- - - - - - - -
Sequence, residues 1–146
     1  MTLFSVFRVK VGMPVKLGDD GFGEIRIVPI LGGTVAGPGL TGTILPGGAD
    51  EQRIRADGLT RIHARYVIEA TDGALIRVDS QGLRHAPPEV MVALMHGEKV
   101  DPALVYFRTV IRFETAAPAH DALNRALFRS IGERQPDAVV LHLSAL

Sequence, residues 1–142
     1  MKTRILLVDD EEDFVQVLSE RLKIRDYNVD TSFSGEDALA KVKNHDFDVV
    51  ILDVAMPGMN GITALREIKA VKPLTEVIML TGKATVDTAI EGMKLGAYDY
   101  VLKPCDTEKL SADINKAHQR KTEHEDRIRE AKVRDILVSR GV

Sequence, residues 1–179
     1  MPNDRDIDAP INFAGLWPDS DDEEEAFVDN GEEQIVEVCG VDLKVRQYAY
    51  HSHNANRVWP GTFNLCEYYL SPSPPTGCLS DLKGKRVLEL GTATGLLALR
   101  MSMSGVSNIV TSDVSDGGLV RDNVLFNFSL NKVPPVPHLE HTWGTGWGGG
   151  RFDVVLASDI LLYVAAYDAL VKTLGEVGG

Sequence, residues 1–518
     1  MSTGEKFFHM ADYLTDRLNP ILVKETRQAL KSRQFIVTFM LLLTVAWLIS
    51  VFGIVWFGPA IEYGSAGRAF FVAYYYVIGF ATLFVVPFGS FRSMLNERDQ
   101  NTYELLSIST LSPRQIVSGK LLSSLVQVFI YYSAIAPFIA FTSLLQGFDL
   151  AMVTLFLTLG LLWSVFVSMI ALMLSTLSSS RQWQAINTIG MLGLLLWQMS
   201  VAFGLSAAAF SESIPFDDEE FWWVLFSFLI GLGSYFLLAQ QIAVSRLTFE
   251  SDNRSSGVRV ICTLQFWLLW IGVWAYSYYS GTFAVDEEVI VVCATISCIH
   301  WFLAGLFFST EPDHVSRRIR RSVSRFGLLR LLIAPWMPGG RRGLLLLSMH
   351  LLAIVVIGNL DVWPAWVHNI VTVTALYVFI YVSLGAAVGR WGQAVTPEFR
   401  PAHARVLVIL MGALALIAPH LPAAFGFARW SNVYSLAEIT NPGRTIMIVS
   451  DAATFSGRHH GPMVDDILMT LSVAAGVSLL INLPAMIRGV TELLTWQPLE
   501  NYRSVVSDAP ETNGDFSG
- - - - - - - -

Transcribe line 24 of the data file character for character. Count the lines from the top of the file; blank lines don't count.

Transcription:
   451  DAATFSGRHH GPMVDDILMT LSVAAGVSLL INLPAMIRGV TELLTWQPLE